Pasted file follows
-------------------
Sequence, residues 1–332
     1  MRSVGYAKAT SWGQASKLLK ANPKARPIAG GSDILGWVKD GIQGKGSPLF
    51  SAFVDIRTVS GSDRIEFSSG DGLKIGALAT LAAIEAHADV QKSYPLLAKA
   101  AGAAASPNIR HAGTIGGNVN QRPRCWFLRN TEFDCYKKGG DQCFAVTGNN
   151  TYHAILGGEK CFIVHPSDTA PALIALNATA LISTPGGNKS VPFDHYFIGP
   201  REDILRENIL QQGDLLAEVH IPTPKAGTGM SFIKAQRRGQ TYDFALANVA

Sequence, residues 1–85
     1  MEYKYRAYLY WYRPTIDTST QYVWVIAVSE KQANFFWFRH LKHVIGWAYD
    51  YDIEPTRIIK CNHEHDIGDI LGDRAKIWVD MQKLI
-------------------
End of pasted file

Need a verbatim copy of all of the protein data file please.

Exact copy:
Sequence, residues 1–332
     1  MRSVGYAKAT SWGQASKLLK ANPKARPIAG GSDILGWVKD GIQGKGSPLF
    51  SAFVDIRTVS GSDRIEFSSG DGLKIGALAT LAAIEAHADV QKSYPLLAKA
   101  AGAAASPNIR HAGTIGGNVN QRPRCWFLRN TEFDCYKKGG DQCFAVTGNN
   151  TYHAILGGEK CFIVHPSDTA PALIALNATA LISTPGGNKS VPFDHYFIGP
   201  REDILRENIL QQGDLLAEVH IPTPKAGTGM SFIKAQRRGQ TYDFALANVA

Sequence, residues 1–85
     1  MEYKYRAYLY WYRPTIDTST QYVWVIAVSE KQANFFWFRH LKHVIGWAYD
    51  YDIEPTRIIK CNHEHDIGDI LGDRAKIWVD MQKLI